The gambling behavior of Indigenous Australians CQU.pdf (349.99 kB)
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The gambling behavior of Indigenous Australians

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journal contribution
posted on 20.09.2022, 03:42 authored by Nerilee HingNerilee Hing, H Breen, A Gordon, Alexander RussellAlexander Russell
The gambling activities of minority groups such as Indigenous peoples are usually culturally complex and poorly understood. To redress the scarcity of information and contribute to a better understanding of gambling by Indigenous people, this paper presents quantitative evidence gathered at three Australian Indigenous festivals, online and in several Indigenous communities. With support from Indigenous communities, the study collected and analyzed surveys from 1,259 self-selected Indigenous adults. Approximately 33 % of respondents gambled on card games while 80 % gambled on commercial gambling forms in the previous year. Gambling participation and involvement are high, particularly on electronic gaming machines (EGMs), the favorite and most regular form of gambling. Men are significantly more likely to participate in gambling and to gamble more frequently on EGMs, horse/dog races, sports betting and instant scratch tickets. This elevated participation and frequency of gambling on continuous forms would appear to heighten gambling risks for Indigenous men. This is particularly the case for younger Indigenous men, who are more likely than their older counterparts to gamble on EGMs, table games and poker. While distinct differences between the gambling behaviors of our Indigenous sample and non-Indigenous Australians are apparent, Australian Indigenous behavior appears similar to that of some Indigenous and First Nations populations in other countries. Although this study represents the largest survey of Indigenous Australian gambling ever conducted in New South Wales and Queensland, further research is needed to extend our knowledge of Indigenous gambling and to limit the risks from gambling for Indigenous peoples. © 2013 Springer Science+Business Media New York.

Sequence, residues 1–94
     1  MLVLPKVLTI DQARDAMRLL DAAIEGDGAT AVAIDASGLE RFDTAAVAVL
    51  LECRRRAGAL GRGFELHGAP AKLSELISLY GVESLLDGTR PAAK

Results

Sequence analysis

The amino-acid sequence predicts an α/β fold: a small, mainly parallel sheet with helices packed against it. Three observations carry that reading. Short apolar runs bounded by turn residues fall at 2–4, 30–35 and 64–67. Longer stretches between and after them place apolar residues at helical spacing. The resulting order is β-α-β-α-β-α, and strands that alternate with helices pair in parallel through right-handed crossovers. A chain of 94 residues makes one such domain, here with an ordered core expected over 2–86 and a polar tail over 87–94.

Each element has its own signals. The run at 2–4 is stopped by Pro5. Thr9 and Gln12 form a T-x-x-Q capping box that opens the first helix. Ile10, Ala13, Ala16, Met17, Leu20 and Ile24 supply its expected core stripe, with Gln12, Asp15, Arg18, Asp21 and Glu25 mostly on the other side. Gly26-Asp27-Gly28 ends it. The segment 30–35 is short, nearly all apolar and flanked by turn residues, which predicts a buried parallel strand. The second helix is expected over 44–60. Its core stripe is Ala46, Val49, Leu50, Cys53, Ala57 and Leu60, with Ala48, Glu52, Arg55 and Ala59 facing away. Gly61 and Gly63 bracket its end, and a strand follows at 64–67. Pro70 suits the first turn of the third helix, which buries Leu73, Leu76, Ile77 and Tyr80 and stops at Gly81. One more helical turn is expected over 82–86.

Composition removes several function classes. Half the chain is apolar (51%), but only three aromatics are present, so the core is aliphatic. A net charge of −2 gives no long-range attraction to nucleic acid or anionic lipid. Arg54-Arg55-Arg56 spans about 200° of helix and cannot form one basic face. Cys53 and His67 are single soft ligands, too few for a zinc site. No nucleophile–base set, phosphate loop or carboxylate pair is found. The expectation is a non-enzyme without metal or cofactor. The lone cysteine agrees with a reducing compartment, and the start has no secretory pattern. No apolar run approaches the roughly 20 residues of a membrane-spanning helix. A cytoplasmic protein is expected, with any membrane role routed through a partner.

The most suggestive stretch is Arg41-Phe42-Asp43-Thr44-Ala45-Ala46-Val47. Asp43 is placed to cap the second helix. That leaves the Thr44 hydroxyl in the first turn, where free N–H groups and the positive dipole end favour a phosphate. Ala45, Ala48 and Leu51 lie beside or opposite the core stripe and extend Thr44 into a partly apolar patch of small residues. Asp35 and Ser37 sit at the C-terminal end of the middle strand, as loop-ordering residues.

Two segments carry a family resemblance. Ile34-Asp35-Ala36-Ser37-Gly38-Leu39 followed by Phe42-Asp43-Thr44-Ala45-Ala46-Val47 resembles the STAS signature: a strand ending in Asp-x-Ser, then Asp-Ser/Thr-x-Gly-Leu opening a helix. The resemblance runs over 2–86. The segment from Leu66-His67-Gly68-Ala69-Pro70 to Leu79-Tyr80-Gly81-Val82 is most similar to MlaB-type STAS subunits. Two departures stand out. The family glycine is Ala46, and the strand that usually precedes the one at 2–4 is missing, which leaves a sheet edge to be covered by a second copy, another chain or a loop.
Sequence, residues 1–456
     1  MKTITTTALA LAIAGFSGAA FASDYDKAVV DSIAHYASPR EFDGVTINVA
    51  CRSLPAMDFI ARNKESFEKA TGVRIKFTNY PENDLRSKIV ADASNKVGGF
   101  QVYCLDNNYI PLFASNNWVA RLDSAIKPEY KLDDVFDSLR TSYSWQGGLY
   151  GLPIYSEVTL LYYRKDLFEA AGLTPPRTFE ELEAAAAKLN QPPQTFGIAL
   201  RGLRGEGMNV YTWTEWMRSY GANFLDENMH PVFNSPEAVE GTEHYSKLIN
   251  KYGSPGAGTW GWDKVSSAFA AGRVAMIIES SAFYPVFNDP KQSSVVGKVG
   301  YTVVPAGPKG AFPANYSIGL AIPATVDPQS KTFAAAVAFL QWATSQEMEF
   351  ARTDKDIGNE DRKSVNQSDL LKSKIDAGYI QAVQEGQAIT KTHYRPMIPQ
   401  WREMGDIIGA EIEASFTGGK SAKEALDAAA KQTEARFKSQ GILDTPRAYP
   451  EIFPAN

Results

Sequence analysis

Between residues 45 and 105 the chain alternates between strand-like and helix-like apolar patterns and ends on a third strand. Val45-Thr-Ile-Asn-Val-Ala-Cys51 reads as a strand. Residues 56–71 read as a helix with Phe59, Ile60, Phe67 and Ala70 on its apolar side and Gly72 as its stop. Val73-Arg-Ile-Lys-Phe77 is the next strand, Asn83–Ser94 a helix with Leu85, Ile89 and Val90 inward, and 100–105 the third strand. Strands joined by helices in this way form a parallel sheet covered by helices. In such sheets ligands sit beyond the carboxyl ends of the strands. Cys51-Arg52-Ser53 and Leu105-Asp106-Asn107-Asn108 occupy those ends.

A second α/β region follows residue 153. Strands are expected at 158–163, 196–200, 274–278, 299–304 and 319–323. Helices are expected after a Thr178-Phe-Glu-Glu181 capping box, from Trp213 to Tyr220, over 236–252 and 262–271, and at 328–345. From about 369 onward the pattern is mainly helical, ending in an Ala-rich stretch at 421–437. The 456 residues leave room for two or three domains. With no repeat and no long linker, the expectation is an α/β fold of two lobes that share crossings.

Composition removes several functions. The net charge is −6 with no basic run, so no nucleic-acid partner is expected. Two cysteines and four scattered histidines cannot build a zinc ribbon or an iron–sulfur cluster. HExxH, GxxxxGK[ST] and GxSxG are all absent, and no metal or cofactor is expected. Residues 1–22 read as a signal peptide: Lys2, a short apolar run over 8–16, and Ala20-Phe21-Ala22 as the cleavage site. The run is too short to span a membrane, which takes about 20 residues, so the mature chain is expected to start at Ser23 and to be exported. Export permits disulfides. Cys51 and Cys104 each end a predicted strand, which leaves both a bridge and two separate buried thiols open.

Funding

Category 1 - Australian Competitive Grants (this includes ARC, NHMRC)

History

Volume

30

Issue

2

Start Page

369

End Page

386

Number of Pages

18

ISSN

1050-5350

Publisher

Springer New York LLC

Peer Reviewed

Yes

Open Access

Yes

Cultural Warning

This research output may contain the names and images of Aboriginal and Torres Strait Islander people now deceased. We apologize for any distress that may occur.

External Author Affiliations

Southern Cross University

Era Eligible

Yes

Journal

Journal of Gambling Studies